nrnnniltlnn. Tlin ttimneranca Peoulo won
Th. ,i,.t i... ..... nut nn their flKht to keen tho mulct law
,..w ui ma iubi vivy uicuuuh "... j ... i, ...I.. ,,,!
.. HrVt r- m... .i... ..i Knm uuv mm ... ............
ell supported by tho labor unions won
out is having its effect In relation to tho
strike of tho teamsters in this city. Tho
majority of the members of tho city coun
cil know that they owo their eleotlon en
tirely to the union laborers of the city.
Their slightest wavering or Inaction Is
taken to mean that they aro subservient
to the union laborers. They do not de
sire to go fUrthor in fighting tho battles
of the transfer companies than other offi
cials. The result is that the strikers are
encouraged to go' on with their plans for
forcible prevention of the carrying busi
ness of the city. The, labor leaders know
that they have little to fear from the
prewnt city administration and thero is
disagreement between tho city and county
authorities as to the plans for suppression
of violence. The strike continues, with
little prospect of change. Just at present
there s tittle violence, but a dellcuto
situation lias developed which may cause
injury to persons or property at any
Celebrate Victory Over Turks.
Three Italian societies of Des Moines
united today in a celebration of tho peace
agreement between Turkey and Italy
Notes from Beatrice
and Gage County
UBATIUCE. Neb., Nov. 17.-(Bpcclal.)-C,
I Bogors, a pioneer of Dewitt, Nob.,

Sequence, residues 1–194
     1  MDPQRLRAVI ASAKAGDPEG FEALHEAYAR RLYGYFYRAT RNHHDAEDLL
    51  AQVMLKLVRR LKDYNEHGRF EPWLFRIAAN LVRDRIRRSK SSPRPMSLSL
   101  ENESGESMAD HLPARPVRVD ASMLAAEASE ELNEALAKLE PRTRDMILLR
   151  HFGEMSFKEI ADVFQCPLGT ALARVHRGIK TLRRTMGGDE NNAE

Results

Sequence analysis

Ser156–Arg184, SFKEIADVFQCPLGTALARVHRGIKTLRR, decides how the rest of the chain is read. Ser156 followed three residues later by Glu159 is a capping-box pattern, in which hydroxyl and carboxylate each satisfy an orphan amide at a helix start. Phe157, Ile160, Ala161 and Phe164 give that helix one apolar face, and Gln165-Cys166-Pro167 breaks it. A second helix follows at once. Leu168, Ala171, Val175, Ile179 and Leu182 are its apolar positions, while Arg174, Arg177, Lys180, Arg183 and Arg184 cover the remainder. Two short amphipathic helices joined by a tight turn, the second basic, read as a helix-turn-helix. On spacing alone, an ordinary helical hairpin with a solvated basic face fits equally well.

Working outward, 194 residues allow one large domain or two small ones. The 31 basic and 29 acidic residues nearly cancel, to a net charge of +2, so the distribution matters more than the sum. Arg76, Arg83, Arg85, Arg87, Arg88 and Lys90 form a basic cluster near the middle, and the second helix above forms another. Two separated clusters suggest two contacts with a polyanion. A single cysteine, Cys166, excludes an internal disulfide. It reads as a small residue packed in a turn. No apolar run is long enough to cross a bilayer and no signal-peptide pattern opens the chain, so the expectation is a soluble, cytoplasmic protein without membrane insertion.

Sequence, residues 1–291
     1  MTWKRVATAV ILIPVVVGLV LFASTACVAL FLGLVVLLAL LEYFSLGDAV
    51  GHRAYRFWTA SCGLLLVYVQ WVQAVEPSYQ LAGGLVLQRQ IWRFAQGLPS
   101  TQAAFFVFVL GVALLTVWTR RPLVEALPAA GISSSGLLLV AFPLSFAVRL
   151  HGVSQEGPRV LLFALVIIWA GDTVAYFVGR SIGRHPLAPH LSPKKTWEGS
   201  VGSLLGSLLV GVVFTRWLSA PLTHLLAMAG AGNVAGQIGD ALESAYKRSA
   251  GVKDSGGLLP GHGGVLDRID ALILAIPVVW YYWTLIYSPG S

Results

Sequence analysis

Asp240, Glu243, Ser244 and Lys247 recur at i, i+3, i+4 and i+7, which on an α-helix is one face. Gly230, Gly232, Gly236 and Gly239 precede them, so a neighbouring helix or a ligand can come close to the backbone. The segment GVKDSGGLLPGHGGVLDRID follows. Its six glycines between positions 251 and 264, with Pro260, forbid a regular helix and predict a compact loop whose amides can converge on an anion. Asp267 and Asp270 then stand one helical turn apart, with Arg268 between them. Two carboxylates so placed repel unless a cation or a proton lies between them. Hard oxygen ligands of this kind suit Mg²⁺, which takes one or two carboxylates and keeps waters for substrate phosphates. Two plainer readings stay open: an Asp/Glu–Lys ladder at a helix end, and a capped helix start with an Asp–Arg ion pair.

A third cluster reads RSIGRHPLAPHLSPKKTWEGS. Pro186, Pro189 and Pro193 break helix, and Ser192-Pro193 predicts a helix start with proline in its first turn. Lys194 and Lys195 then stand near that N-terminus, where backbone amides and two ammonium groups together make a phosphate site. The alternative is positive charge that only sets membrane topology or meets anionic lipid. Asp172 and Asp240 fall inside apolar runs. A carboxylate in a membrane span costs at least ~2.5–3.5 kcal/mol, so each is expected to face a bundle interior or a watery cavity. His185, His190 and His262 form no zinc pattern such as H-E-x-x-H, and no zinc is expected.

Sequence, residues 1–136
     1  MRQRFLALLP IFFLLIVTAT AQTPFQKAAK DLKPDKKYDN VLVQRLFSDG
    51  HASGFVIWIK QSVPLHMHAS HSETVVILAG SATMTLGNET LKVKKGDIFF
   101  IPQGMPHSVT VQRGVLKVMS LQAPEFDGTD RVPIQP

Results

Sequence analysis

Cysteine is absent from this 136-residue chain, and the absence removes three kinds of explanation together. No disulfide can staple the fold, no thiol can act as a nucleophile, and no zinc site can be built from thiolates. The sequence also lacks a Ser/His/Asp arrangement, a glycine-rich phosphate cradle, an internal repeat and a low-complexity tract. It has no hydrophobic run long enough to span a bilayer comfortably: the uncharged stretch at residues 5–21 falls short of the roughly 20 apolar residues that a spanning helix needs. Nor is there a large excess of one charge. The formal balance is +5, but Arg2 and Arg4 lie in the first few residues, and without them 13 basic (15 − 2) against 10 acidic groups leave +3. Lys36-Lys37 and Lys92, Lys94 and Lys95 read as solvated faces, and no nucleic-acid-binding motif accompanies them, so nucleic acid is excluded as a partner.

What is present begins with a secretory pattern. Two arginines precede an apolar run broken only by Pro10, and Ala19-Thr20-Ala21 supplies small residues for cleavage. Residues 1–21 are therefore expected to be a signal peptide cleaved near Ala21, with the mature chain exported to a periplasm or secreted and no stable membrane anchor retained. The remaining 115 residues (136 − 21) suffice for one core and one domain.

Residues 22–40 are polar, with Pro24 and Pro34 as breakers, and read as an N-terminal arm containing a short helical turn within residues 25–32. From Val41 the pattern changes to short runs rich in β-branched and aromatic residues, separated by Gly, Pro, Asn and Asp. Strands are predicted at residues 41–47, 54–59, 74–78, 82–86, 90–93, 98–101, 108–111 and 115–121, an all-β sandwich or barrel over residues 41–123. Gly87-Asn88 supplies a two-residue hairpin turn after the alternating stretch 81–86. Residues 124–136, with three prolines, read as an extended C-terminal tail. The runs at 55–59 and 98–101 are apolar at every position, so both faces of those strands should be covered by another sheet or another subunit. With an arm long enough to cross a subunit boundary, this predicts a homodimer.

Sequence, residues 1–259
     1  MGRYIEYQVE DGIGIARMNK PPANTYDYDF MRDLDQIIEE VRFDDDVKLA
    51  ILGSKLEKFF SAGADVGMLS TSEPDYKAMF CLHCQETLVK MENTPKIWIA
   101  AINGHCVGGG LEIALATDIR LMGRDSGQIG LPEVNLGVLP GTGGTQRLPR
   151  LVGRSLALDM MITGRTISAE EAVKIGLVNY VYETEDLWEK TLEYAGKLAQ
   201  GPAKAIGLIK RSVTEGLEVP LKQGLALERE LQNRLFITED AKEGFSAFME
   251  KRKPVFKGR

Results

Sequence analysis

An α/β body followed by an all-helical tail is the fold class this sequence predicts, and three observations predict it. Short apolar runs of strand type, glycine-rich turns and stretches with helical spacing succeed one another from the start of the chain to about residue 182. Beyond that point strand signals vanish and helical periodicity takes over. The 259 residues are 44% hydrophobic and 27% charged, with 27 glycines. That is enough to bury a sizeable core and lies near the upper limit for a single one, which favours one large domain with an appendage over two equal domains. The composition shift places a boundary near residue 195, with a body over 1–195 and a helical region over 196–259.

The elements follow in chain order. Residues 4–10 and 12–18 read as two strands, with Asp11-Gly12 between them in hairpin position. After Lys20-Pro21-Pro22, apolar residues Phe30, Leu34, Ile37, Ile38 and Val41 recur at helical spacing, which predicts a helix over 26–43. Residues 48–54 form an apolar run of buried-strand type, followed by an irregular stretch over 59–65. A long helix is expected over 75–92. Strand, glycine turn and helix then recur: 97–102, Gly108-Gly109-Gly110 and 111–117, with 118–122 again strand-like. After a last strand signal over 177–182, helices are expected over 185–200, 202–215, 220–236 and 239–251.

died suddenly yestorduy of hoart trouble,
aged Ct years. Ho is survived by his
widow and ono son. Tho funeral services
were hold from the Episcopal church at
Hewitt yesterday at I o'clock.
A .postotflce fight Is on at Cortland
between E. A. arotlan, a republican, and
Frank Mlltonbcrger, a democrat, Avho
want to succeed A. I Bailsman, who
tendered his resignation last Monday. '
The legality of the school bond election
held nt Cortland a few weeks ago for the
erection of a new building to cast S13.2U0,
has been attacked by twenty-seven resi
dents of Cortland, who liavo filed a ro
monstrance against the Issuance of bonds.
They charge thot five "questionable"
votes were cast at the election, which they
declaro was Illegal.
The Bestrlce foot ball teom will play it
... . t .V... Tknnt.Btiilnir
which has resulted In a large accession of dny wlth lhtt Kan., eleven. No
. wVL,n . 7 . ln8 luumn n'iother games will bo played until that
nun. incjr unuea in a paraae oi mo i time,
downtown streets and a mass meeting 1 '
at a halt, where several hundred met and Persistent Advertising Is tho Bood to
heard spirited addresses and sang pa- Big Returns,
Tkmrm Im Petty Qmm
Laxative Bromo Quinine
Shirt In Attitude of Foreign Opera
tors Toward American Securi
ties Has Important Plnec
NEW YOHK, Nov. 17.-The principal
feature of last week's stock market was
the quieting of tho disturbance seen In
the previous week. While relieved from
this disturbance there was little revival
of strength or animation. Itestrlcted
money supplies were the main factor of
restraint, although political uncertain
ties, both domestic and foreign, shared
responsibility for this condition. Subject
to these restrictions, underlying confi
dence found reflection In the firmness of
tone and in the resistance to occasional
pressure, until tho clone of the week,
when announcement by President-elect
Wilson tha ho would call an extra ses
sion of rongress In April resulted In a
downwr.rd movement. 8uch an announce
ment had been looked for In financial
circles, however, and the moderate ex
tent of the movement showed It to have
been largely discounted.
Foreign Sentiment Chnnices.
An Important Item ln the week's mar
ket Influences was tho shift In the at